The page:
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Mendelian Randomization Analysis Reveals a Causal Influence of Circulating Sclerostin Levels on Bone Mineral Density and Fractures.

  • Zheng, Jie1
  • Maerz, Winfried2, 3, 4
  • Gergei, Ingrid4
  • Kleber, Marcus4
  • Drechsler, Christiane5
  • Wanner, Christoph5
  • Brandenburg, Vincent5
  • Reppe, Sjur6, 7
  • Gautvik, Kaare M7, 8
  • Medina-Gomez, Carolina9
  • Shevroja, Enisa9
  • Gilly, Arthur10, 11
  • Park, Young-Chan10, 12
  • Dedoussis, George13
  • Zeggini, Eleftheria10, 11
  • Lorentzon, Mattias14, 15, 16
  • Henning, Petra14
  • Lerner, Ulf H14
  • Nilsson, Karin H14
  • Movérare-Skrtic, Sofia14
  • And 10 more
  • 1 MRC Integrative Epidemiology Unit (IEU), Bristol Medical School, University of Bristol, Bristol, UK.
  • 2 Clinical Institute of Medical and Chemical Laboratory Diagnostics, Medical University of Graz, Graz, Austria. , (Austria)
  • 3 SYNLAB Academy, SYNLAB Holding Deutschland GmbH, Mannheim, Germany. , (Germany)
  • 4 Vth Department of Medicine (Nephrology, Hypertensiology, Rheumatology, Endocrinology, Diabetology), Medical Faculty Mannheim, University of Heidelberg, Mannheim, Germany. , (Germany)
  • 5 Department of Cardiology and Nephrology, Rhein-Maas-Klinikum Würselen, Germany. , (Germany)
  • 6 Department of Medical Biochemistry, Oslo University Hospital, Oslo, Norway. , (Norway)
  • 7 Unger-Vetlesen Institute, Lovisenberg Diaconal Hospital, Oslo, Norway. , (Norway)
  • 8 Institute of Basic Medical Sciences, University of Oslo, Oslo, Norway. , (Norway)
  • 9 Department of Internal Medicine, Erasmus MC University Medical Center, Rotterdam, The Netherlands. , (Netherlands)
  • 10 Human Genetics, Wellcome Sanger Institute, Wellcome Genome Campus, Hinxton, UK.
  • 11 Institute of Translational Genomics, Helmholtz Zentrum München, German Research Center for Environmental Health, Neuherberg, Germany. , (Germany)
  • 12 University of Cambridge, Cambridge, UK.
  • 13 Department of Nutrition and Dietetics, School of Health Science and Education, Harokopio University, Athens, Greece. , (Greece)
  • 14 Centre for Bone and Arthritis Research, Department of Internal Medicine and Clinical Nutrition, Institute of Medicine, University of Gothenburg, Gothenburg, Sweden. , (Sweden)
  • 15 Geriatric Medicine, Institute of Medicine, University of Gothenburg, Gothenburg, Sweden. , (Sweden)
  • 16 Geriatric Medicine Clinic, Sahlgrenska University Hospital, Mölndal, Sweden. , (Sweden)
  • 17 Bristol Bioresource Laboratories, Population Health Sciences, Bristol Medical School, University of Bristol, Bristol, UK.
  • 18 Human Evolutionary Biology, Harvard University, Boston, MA, USA.
  • 19 Broad Institute of MIT and Harvard, Boston, MA, USA.
  • 20 Department of Human Genetics, McGill University, Quebec, Canada. , (Canada)
  • 21 Center for Pediatric Genomic Medicine, Children's Mercy, Kansas City, MO, USA.
  • 22 Musculoskeletal Research Unit, University of Bristol, Bristol, UK.
Published Article
Journal of Bone and Mineral Research
Wiley (John Wiley & Sons)
Publication Date
Oct 01, 2019
DOI: 10.1002/jbmr.3803
PMID: 31170332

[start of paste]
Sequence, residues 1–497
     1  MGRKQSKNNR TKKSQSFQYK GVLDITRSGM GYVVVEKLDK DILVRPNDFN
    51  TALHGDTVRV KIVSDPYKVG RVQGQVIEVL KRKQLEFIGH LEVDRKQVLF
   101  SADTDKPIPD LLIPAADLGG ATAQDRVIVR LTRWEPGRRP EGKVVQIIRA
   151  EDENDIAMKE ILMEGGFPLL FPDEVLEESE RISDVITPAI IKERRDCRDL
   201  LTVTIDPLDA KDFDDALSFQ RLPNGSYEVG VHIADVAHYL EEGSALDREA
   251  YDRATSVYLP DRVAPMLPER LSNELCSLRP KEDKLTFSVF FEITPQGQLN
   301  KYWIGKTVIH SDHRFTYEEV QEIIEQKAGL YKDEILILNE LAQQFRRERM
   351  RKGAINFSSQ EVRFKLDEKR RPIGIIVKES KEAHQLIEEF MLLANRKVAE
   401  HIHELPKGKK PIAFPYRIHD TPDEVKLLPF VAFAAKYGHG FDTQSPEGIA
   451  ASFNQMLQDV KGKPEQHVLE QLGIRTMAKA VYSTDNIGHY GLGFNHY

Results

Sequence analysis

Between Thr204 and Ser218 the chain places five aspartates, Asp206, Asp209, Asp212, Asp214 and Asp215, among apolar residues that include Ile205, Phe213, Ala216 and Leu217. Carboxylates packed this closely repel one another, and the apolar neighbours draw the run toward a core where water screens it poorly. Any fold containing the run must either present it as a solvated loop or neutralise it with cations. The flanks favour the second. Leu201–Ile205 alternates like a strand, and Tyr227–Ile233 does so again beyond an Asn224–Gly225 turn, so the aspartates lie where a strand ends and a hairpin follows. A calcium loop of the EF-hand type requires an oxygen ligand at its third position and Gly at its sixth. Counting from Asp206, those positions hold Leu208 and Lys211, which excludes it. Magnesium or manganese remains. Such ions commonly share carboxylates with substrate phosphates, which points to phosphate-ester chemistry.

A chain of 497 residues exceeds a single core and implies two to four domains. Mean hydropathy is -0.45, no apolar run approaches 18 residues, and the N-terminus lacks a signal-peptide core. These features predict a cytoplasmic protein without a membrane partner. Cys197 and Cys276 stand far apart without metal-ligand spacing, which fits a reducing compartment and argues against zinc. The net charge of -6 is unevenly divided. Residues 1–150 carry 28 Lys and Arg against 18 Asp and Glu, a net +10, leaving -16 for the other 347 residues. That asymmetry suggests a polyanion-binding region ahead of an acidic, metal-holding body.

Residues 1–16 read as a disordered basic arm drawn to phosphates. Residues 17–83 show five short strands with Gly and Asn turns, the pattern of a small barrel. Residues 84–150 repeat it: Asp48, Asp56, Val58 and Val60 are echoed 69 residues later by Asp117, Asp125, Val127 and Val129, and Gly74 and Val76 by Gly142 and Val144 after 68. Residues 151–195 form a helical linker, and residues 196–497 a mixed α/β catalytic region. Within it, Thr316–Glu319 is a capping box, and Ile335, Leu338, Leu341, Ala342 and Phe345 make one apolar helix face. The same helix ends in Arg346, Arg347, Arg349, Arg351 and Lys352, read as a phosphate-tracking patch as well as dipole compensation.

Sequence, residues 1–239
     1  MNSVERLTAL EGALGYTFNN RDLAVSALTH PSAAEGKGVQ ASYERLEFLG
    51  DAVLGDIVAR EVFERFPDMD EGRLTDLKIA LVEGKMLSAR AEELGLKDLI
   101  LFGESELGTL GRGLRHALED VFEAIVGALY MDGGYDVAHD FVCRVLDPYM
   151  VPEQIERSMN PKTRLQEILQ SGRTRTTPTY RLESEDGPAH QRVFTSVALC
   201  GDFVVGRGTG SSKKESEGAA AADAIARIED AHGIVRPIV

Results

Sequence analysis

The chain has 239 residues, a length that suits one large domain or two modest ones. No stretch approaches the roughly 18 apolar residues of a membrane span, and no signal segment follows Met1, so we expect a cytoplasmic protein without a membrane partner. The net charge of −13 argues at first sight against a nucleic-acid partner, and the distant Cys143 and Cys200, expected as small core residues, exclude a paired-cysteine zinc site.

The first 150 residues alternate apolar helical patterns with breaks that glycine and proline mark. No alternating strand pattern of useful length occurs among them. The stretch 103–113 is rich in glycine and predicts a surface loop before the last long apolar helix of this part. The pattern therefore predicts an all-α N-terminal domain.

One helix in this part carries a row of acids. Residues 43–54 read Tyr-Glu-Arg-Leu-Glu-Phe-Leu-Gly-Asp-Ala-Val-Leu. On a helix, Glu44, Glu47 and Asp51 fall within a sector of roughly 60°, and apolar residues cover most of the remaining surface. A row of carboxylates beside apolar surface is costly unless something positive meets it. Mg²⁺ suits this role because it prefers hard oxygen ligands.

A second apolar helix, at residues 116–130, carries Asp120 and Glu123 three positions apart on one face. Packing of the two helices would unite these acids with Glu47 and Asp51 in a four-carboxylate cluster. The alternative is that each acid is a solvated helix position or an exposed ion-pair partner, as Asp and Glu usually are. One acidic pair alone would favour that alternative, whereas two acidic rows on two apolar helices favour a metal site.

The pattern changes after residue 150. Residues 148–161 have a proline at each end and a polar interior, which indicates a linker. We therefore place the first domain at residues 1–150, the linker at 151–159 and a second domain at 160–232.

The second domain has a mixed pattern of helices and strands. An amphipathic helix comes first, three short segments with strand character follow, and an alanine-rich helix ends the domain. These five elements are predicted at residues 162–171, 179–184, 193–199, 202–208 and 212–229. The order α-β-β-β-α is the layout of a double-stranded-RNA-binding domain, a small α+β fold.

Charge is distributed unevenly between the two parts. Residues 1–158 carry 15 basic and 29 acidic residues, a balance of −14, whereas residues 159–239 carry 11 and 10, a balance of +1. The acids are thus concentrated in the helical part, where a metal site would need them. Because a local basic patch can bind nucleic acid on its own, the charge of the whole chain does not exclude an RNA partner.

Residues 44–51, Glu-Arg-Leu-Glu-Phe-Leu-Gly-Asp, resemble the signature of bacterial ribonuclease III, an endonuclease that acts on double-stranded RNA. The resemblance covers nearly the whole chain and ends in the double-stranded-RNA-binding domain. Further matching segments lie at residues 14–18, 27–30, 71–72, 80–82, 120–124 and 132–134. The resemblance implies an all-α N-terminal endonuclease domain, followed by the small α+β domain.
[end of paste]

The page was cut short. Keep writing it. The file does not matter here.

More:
In bone, sclerostin is mainly osteocyte-derived and plays an important local role in adaptive responses to mechanical loading. Whether circulating levels of sclerostin also play a functional role is currently unclear, which we aimed to examine by two-sample Mendelian randomization (MR). A genetic instrument for circulating sclerostin, derived from a genomewide association study (GWAS) meta-analysis of serum sclerostin in 10,584 European-descent individuals, was examined in relation to femoral neck bone mineral density (BMD; n = 32,744) in GEFOS and estimated bone mineral density (eBMD) by heel ultrasound (n = 426,824) and fracture risk (n = 426,795) in UK Biobank. Our GWAS identified two novel serum sclerostin loci, B4GALNT3 (standard deviation [SD]) change in sclerostin per A allele (β = 0.20, p = 4.6 × 10-49 ) and GALNT1 (β = 0.11 per G allele, p = 4.4 × 10-11 ). B4GALNT3 is an N-acetyl-galactosaminyltransferase, adding a terminal LacdiNAc disaccharide to target glycocoproteins, found to be predominantly expressed in kidney, whereas GALNT1 is an enzyme causing mucin-type O-linked glycosylation. Using these two single-nucleotide polymorphisms (SNPs) as genetic instruments, MR revealed an inverse causal relationship between serum sclerostin and femoral neck BMD (β = -0.12, 95% confidence interval [CI] -0.20 to -0.05) and eBMD (β = -0.12, 95% CI -0.14 to -0.10), and a positive relationship with fracture risk (β = 0.11, 95% CI 0.01 to 0.21). Colocalization analysis demonstrated common genetic signals within the B4GALNT3 locus for higher sclerostin, lower eBMD, and greater B4GALNT3 expression in arterial tissue (probability >99%). Our findings suggest that higher sclerostin levels are causally related to lower BMD and greater fracture risk. Hence, strategies for reducing circulating sclerostin, for example by targeting glycosylation enzymes as suggested by our GWAS results, may prove valuable in treating osteoporosis. © 2019 The Authors. Journal of Bone and Mineral Research published by Wiley Periodicals, Inc. © 2019 The Authors. Journal of Bone and Mineral Research published by Wiley Periodicals, Inc.

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